Brenda Banwell

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New evidence and consensus has led to further revision of the McDonald Criteria for diagnosis of multiple sclerosis. The use of imaging for demonstration of dissemination of central nervous system lesions in space and time has been simplified, and in some circumstances dissemination in space and time can be established by a single scan. These revisions(More)
Neuromyelitis optica (NMO) is an inflammatory CNS syndrome distinct from multiple sclerosis (MS) that is associated with serum aquaporin-4 immunoglobulin G antibodies (AQP4-IgG). Prior NMO diagnostic criteria required optic nerve and spinal cord involvement but more restricted or more extensive CNS involvement may occur. The International Panel for NMO(More)
BACKGROUND The CNS inflammatory demyelinating disorders of childhood include both self-limited and lifelong conditions, which can be indistinguishable at the time of initial presentation. Clinical, biologic, and radiographic delineation of the various monophasic and chronic childhood demyelinating disorders requires an operational classification system to(More)
Accurate clinical course descriptions (phenotypes) of multiple sclerosis (MS) are important for communication, prognostication, design and recruitment of clinical trials, and treatment decision-making. Standardized descriptions published in 1996 based on a survey of international MS experts provided purely clinical phenotypes based on data and consensus at(More)
BACKGROUND There has been tremendous growth in research in pediatric multiple sclerosis (MS) and immune mediated central nervous system demyelinating disorders since operational definitions for these conditions were first proposed in 2007. Further, the International Pediatric Multiple Sclerosis Study Group (IPMSSG), which proposed the criteria, has expanded(More)
Accurate clinical course descriptions (phenotypes) of multiple sclerosis (MS) are important for communication, prognostication, design and recruitment of clinical trials, and treatment decision-making. Standardized descriptions published in 1996 based on a survey of international MS experts provided purely clinical phenotypes based on data and consensus at(More)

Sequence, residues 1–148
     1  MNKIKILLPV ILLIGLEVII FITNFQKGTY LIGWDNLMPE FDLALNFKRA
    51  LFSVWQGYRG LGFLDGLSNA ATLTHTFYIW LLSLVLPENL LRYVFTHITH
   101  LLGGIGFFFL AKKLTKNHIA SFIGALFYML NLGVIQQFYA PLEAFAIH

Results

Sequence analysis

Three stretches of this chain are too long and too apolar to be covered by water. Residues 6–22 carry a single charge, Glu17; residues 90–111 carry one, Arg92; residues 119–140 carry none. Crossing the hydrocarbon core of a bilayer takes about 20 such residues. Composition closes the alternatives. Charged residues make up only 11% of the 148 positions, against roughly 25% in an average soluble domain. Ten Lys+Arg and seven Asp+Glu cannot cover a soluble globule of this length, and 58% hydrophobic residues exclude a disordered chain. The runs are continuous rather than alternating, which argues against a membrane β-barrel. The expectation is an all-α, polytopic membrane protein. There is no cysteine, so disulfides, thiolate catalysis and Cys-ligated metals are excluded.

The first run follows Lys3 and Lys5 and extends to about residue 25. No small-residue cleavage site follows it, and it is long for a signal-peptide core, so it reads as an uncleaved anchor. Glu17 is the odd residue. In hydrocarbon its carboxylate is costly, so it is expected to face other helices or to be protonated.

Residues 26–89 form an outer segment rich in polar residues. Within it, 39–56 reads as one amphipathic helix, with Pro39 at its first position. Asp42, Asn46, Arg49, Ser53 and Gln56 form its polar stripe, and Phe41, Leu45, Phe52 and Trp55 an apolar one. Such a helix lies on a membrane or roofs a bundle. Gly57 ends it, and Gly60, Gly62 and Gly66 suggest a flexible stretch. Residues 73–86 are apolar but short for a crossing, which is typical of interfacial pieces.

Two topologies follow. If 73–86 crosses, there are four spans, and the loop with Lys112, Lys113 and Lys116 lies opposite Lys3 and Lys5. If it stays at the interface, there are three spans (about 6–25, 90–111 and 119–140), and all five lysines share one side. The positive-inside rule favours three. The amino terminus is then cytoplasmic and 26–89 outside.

BACKGROUND The incidence of acquired demyelination of the CNS (acquired demyelinating syndromes [ADS]) in children is unknown. It is important that physicians recognize the features of ADS to facilitate care and to appreciate the future risk of multiple sclerosis (MS). OBJECTIVE To determine the incidence, clinical features, familial autoimmune history,(More)
Alexander disease is a progressive, usually fatal neurological disorder defined by the widespread and abundant presence in astrocytes of protein aggregates called Rosenthal fibers. The disease most often occurs in infants younger than 2 years and has been labeled a leukodystrophy because of an accompanying severe myelin deficit in the frontal lobes. Later(More)
The onset of multiple sclerosis (MS) in childhood poses diagnostic and therapeutic challenges, particularly if the symptoms of the first demyelinating event resemble acute disseminated encephalomyelitis (ADEM). MRI is an invaluable diagnostic tool but it lacks the specificity to distinguish ADEM from the first attack of MS. Advanced MRI techniques might(More)
BACKGROUND The full spectrum of clinical manifestations and outcome, and the potential importance of regional or demographic features or viral triggers in paediatric multiple sclerosis (MS), has yet to be fully characterised. Our aim was to determine some of these characteristics in children with MS. METHODS 137 children with MS and 96 control(More)